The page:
Hematology

Paroxysmal Nocturnal Hemoglobinuria

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Safety of Treatments for Paroxysmal Nocturnal Hemoglobinuria

patient care perspectives by Carlos M. de Castro III, MD
Overview

The availability of complement inhibitors has revolutionized the treatment of paroxysmal nocturnal hemoglobinuria (PNH), decreasing the risk of hemolysis and thrombosis and improving survival. However, these agents can also be associated with potential side effects, including an increased risk of infections, injection site reactions, and diarrhea, highlighting the importance of vaccines and the proactive management of side effects.

Expert Commentary
“I think that it is important to talk about safety with all the treatment options that are out there for PNH. We tell patients about the drugs and the possible side effects, and, based on these discussions, we decide which therapy to use.”
— Carlos M. de Castro III, MD

I think that it is important to talk about safety with all the treatment options that are out there for PNH. We tell patients about the drugs and the possible side effects, and, based on these discussions, we decide which therapy to use.

 

The route of administration makes a difference in side effects. Infusion reactions occur very rarely with intravenous drugs. Patients can develop an injection site reaction with subcutaneous drugs where the needles go into their bodies, and, in some patients, that can be bothersome. However, treatment discontinuation from either infusion reactions or injection reactions is rare. With pegcetacoplan, trials reported some mild diarrhea that was self-limited and did not tend to recur, with no drug discontinuation from that side effect.

 

The phase 3 trials of iptacopan looked at lipid profiles and saw increases in cholesterol and low-density lipoprotein (LDL) levels in a small minority of patients. Most cases were mild and were treated appropriately, depending on the lipid level. The long-term effect of this increase in lipids is not known. There is nothing tying complement to the lipid pathway, so these data made us all wonder what is happening and if it will lead to long-term effects, such as having more cardiovascular disease.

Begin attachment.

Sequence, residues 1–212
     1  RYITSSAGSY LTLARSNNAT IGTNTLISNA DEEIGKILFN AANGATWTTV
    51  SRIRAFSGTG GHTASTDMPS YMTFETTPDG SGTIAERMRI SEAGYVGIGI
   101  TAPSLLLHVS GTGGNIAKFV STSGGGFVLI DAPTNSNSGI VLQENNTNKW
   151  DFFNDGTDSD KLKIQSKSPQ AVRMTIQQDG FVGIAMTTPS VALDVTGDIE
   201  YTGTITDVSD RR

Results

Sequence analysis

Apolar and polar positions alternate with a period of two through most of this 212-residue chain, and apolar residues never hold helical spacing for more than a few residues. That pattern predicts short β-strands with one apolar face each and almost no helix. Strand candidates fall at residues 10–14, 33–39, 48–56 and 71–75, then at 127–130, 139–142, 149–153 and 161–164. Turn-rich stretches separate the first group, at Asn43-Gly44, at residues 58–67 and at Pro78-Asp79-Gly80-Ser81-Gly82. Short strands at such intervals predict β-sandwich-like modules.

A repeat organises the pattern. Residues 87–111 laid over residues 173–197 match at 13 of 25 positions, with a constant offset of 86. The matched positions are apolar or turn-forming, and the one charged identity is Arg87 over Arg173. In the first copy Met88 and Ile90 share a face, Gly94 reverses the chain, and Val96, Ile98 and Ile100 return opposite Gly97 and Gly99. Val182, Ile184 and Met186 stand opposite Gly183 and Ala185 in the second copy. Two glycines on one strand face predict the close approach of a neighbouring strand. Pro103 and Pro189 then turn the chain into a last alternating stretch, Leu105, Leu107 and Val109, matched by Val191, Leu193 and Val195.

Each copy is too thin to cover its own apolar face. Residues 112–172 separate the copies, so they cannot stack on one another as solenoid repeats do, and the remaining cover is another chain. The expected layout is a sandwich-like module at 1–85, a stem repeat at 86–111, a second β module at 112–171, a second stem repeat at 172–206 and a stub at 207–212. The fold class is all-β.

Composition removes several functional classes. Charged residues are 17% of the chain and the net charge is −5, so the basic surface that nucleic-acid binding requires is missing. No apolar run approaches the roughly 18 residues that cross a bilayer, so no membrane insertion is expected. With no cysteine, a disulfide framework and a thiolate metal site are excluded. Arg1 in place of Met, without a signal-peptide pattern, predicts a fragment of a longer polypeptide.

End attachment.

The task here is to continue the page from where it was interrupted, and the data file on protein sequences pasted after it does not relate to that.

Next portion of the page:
With all the complement inhibitors, we have to worry about the risk of infection with encapsulated organisms such as Neisseria meningitidis, Streptococcus pneumoniae, and Haemophilus influenzae type b. Patients should be vaccinated against these encapsulated bacteria at least 2 weeks before starting therapy. However, if a patient has a serious blood clot and needs to go on the drug right away, you can treat them with antibiotics while they get vaccinated.

 

For the meningococcal vaccines, it is important to remember that the meningococcal conjugate (MenACWY) vaccine is boosted every 5 years, and the serogroup B meningococcal (MenB) vaccine is given in 2 doses at least 1 month apart. Even with vaccination, however, patients can get meningococcemia and meningitis, partially because other serogroups are not covered. So, every patient needs education about the signs and symptoms of meningococcal infections. They should also carry a card that they can give to the Emergency Department in such cases so that the doctors there who may have never seen a case of PNH know what is going on. Quick and appropriate management can help to prevent complications of meningococcal disease and possible breakthrough hemolysis secondary to complement activation from infection.

References

Centers for Disease Control and Prevention. Managing the risk of meningococcal disease among patients who receive complement inhibitor therapy. Updated February 7, 2022. Accessed March 27, 2024. https://www.cdc.gov/meningococcal/clinical/eculizumab.html

 

de Castro CM, Mulherin B, Patriquin CJ, et al. Efficacy and safety is maintained in adult patients with paroxysmal nocturnal hemoglobinuria receiving pegcetacoplan for up to 3 years [abstract 574]. Abstract presented at: 65th American Society of Hematology Annual Meeting and Exposition; December 9-12, 2023; San Diego, CA.

 

Kelly RJ, Höchsmann B, Szer J, et al. Eculizumab in pregnant patients with paroxysmal nocturnal hemoglobinuria. N Engl J Med. 2015;373(11):1032-1039. doi:10.1056/NEJMoa1502950

 

Mbaeyi SA, Bozio CH, Duffy J, et al. Meningococcal vaccination: recommendations of the Advisory Committee on Immunization Practices, United States, 2020. MMWR Recomm Rep. 2020;69(9):1-41. doi:10.15585/mmwr.rr6909a1

 

Oliver M, Patriquin CJ. Paroxysmal nocturnal hemoglobinuria: current management, unmet needs, and recommendations. J Blood Med. 2023;14:613-628. doi:10.2147/JBM.S431493

 

Peffault de Latour R, Röth A, Kulasekararaj AG, et al. Oral iptacopan monotherapy in paroxysmal nocturnal hemoglobinuria. N Engl J Med. 2024;390(11):994-1008. doi:10.1056/NEJMoa2308695

 

Sharma V, Koprivnikar J, Drago K, Savage J, Bachelor A. Injection site reactions with long-term pegcetacoplan use in patients with paroxysmal nocturnal hemoglobinuria: a brief report. Adv Ther. 2023;40(11):5115-5129. doi:10.1007/s12325-023-02653-4

Carlos M. de Castro III, MD

Professor of Medicine
Division of Hematologic Malignancies and Cellular Therapy, Department of Medicine
Member, Duke Cancer Institute
Duke University School of Medicine
Durham, NC

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